One of the most common questions to sites like Professor Astronomy is, "How can I become an astronomer?" Often this question comes from high-school or college students loking for a career, but sometimes it comes from experienced workers looking for a change of career.
Since I'm in the middle of hunting for jobs myself, this topic is very close to my mind right now. So I think it is also appropriate to explore here in the blog, which I will do over the next few posts. But the best place for this information is this brochure from the American Astronomical Society.
Let me point out that, even if you find that a career in astronomy is not for you, astronomy makes a great hobby. In fact, astronomy is one of the few fields of science where amateurs still make important contributions! Amateur astronomers discover supernovae (exploding stars) in nearby galaxies, discover comets, and track asteroids. Some amateurs even help to discover planets around other stars. So, if you don't have the time or skills it takes to become a professional astronomer, you can still contribute to the science. Don't be discouraged!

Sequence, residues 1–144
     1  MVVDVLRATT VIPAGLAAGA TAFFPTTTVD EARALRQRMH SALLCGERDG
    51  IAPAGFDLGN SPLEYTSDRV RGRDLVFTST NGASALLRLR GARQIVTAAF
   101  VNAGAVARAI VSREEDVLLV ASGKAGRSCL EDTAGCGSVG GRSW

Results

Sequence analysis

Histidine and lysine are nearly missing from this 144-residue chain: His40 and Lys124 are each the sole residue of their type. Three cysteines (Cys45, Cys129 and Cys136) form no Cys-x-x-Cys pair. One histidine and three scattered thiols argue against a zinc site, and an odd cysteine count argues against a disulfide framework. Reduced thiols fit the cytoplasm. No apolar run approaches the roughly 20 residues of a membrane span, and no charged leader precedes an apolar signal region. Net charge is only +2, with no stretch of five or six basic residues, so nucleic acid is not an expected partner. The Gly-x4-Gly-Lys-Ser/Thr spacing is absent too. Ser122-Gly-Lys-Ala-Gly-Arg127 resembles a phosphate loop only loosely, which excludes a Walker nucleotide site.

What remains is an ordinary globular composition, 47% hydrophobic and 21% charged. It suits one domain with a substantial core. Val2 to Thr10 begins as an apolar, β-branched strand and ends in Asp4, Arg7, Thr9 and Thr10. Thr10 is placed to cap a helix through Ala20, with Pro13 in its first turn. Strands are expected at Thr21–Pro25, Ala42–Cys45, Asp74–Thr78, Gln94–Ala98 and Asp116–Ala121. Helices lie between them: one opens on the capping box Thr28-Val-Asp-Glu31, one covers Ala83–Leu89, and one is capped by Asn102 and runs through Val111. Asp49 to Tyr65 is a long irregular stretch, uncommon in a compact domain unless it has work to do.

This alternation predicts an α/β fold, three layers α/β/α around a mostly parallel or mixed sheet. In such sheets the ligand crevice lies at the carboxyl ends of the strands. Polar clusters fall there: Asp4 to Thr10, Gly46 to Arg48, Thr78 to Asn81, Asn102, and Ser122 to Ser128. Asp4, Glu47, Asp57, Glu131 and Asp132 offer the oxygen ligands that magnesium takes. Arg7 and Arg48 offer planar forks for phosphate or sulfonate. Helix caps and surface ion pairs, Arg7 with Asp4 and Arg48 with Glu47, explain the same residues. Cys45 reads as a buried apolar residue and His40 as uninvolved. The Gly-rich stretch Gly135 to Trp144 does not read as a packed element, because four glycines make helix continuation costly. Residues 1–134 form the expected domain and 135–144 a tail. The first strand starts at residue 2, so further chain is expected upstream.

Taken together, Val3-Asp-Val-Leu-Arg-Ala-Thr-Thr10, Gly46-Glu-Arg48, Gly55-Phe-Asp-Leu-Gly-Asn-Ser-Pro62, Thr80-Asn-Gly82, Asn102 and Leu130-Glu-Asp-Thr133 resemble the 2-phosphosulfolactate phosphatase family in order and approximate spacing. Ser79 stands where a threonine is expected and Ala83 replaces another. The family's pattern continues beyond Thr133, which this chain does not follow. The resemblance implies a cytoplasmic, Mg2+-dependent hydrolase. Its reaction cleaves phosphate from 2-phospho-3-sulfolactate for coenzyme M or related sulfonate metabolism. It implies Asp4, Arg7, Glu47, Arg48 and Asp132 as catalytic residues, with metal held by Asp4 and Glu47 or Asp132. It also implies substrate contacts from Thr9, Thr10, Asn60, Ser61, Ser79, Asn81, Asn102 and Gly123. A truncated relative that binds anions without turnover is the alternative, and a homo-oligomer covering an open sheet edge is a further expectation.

So, what skills are needed to become a professional astronomer? Obviously, you need to be interested in the subject. But you also need to be very good in math, as algebra, trigonometry, calculus, and statistics (among other things) are used on a daily basis by professional astronomers. You need to be comfortable using computers, as 99% of our work is done on the computer. Note this doesn't mean you have to be able to extoll the virtues of BSD Linux over Fedora Core 3 (yet), but you need to be able to pick up new computer skills quickly. You need to be able to learn on your own, be a careful worker, and be able to write/speak well.
Next time, I'll talk about what classes to take in high school and college to prepare for further study in astronomy.